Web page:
ICYDK, "revenge travel" is a thing. Many are planning on taking their first big trip since the beginning of the pandemic, and since borders are slowly opening to international travelers, people have been renewing their passports and applying for visas in preparation.
But if you're looking for a more *permanent* way to enjoy your new life in another country, you might want to check out the so-called "Golden Visa." Bea Alonzo recently touched upon it in her vlog "APARTMENT HUNTING IN MADRID!". Because the actress loves the country so much, Bea started looking into owning a residence in Spain. Due to her research, Bea found an article about Spain's Golden Visa program. Essentially, it grants residency permits, and depending on the European country that grants you a golden visa, holders would be allowed to freely travel to any of the countries in the Schengen Area.
According to goldenvisas.com, there are actually three types of travel-related investments:
- Citizenship by investment - earn citizenship and a second passport through investment
- Residency by investment - earn a second residency that provides flexibility to live and travel freely
- Immigration by investment - move permanently with a residence permit for you and your family
But what's the main difference? Here are some important factors to consider: Only citizens can apply for a passport (permanent residents don't have that right). As a citizen of a country that is a member of the European Union, you also have the right to work and study in any of those countries. Citizens also have full voting rights as long as you meet the country’s age requirement. Lastly, in some countries, your permanent residency status can be revoked if you stay out of the country for too long; citizenship is for life.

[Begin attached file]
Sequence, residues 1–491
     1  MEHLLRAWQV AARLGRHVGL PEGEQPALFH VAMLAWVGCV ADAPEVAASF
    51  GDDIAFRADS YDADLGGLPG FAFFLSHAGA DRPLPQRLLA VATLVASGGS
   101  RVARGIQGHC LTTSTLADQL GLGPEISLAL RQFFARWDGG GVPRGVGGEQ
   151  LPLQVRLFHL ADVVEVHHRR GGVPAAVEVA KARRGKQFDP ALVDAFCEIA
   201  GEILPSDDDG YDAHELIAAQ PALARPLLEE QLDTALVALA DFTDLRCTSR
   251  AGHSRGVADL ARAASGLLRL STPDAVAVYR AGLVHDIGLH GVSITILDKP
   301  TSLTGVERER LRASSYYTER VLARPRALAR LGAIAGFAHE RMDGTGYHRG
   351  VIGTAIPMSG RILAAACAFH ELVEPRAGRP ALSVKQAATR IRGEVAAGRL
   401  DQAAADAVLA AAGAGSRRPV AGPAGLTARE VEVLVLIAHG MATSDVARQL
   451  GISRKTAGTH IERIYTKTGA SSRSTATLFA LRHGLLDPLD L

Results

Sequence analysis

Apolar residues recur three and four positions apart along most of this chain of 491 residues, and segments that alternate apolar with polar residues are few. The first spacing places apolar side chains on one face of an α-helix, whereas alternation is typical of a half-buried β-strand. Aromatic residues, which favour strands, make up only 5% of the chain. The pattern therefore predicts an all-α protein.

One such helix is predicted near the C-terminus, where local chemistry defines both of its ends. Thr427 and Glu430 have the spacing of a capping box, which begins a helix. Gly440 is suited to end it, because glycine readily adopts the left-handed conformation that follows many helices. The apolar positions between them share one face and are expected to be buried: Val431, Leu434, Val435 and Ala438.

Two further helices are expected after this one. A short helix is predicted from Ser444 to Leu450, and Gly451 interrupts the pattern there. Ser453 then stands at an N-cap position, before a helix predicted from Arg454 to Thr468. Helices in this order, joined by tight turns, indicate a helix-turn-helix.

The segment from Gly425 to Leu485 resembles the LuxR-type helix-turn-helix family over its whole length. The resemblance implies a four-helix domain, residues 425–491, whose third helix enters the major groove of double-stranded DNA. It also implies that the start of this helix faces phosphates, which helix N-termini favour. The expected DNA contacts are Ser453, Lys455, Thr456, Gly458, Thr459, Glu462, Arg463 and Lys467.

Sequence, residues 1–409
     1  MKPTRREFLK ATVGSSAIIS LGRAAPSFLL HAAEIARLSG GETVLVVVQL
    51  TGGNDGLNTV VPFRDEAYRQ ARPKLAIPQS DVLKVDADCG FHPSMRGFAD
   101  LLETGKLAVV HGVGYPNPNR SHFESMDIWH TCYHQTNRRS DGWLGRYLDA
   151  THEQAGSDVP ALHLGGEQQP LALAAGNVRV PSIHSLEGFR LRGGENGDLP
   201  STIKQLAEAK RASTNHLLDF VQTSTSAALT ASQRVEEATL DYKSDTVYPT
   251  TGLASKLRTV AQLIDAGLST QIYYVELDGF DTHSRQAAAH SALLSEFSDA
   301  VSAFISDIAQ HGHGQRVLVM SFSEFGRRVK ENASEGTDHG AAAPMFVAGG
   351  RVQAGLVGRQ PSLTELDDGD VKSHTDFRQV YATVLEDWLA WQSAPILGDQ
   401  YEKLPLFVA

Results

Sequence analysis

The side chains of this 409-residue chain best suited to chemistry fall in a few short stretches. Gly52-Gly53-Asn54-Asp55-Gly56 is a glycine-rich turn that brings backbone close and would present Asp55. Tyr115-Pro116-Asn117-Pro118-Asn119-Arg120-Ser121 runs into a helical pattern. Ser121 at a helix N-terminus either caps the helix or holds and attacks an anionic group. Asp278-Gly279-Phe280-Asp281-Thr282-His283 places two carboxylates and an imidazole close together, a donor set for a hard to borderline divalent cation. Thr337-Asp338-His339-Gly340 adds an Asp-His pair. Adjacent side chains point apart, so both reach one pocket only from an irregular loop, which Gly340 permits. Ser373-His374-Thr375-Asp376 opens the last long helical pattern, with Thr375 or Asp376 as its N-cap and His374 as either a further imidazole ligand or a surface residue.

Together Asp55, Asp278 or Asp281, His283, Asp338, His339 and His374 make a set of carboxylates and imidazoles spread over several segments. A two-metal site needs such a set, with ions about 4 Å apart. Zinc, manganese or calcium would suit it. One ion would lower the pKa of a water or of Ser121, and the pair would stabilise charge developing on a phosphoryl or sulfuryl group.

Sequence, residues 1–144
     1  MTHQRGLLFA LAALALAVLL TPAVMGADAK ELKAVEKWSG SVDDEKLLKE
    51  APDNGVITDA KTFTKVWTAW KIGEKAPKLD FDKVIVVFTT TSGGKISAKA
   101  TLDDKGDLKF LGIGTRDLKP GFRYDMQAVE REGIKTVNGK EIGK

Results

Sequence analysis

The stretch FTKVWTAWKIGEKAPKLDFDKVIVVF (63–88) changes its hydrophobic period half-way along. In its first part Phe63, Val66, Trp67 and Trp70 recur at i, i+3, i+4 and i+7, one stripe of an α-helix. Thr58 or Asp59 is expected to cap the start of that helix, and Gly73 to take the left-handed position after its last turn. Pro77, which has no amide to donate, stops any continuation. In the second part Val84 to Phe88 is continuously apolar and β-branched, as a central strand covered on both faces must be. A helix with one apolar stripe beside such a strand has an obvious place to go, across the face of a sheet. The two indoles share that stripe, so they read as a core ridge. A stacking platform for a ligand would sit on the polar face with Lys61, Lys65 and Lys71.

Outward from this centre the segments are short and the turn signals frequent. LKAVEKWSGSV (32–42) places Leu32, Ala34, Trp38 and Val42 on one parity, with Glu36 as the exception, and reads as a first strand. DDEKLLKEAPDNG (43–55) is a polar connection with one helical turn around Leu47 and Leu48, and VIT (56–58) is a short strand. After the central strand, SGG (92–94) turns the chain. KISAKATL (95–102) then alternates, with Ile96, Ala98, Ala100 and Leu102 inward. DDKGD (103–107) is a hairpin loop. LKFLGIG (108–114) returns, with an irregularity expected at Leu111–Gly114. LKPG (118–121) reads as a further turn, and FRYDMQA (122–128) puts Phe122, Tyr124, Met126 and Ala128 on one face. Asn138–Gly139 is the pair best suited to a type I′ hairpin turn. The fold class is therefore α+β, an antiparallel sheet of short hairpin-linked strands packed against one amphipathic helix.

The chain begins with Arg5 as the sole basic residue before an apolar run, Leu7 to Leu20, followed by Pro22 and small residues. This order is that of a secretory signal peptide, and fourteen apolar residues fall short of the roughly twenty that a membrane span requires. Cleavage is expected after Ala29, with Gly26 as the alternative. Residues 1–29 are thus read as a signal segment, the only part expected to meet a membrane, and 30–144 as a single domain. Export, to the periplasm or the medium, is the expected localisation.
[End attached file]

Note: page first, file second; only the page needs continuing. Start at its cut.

Here is a more visual comparison by getgoldenvisa.com:
Now that you know the difference, it's time to look into specific programs in the EU. In Bea's case Spain's Golden Visa requires an investment of €500,000 (approx. P28.6 million) in real estate to gain family residency. The Spanish investor visa can then be renewed every two years, and it's not necessary to live in Spain in order to retain and renew the residency visa permit. Due to the Philippines being a former colony of Spain, Filipinos can eventually apply for Spanish citizenship after only two years of effective residence in Spain, instead of the normal ten-year process.
Take note that Spains Residence by Investment Program grants the right to live, work, and study in Spain, and free movement to the EU and Europe’s Schengen Area. That's an incredibly important distinction, because for example, Portugal requires a minimum contribution of €200,000 (approx. P11.4 million)—it's one of the less expensive options, but just like Portugal most EU states only grant the right to live/work/study in the *host nation*. Other European nations that offer Residence by Investment Programs with free movement within the Schengen area (for a more pricey contribution) are Luxembourg and Malta.
The golden visa isn't limited to *just* the EU, however. If your main concern is travel (not residence and work permits), then Antigua and Barbuda and St. Kitts and Nevis are two of several countries that offer Citizenship by Investment Programs. As a member of the Commonwealth, an Antigua and Barbuda passport gives you visa-free or visa-on-arrival access to 150 destinations including Hong Kong, Singapore, the UK, and Europe's Schengen Area for USD $100,000 (approx. P5.5 million). Meanwhile, a A St. Kitts and Nevis passport provides visa-free or visa-on-arrival travel to 156 destinations including Hong Kong, Russia, Singapore, the UK, and Europe’s Schengen Area. For a minimum solo contribution of USD $150,000 (approx. P8 million), you can pass on your citizenship to future generations (dual citizenship is allowed!), and there is no minimum stay required.
READ MORE ABOUT VISAS HERE:
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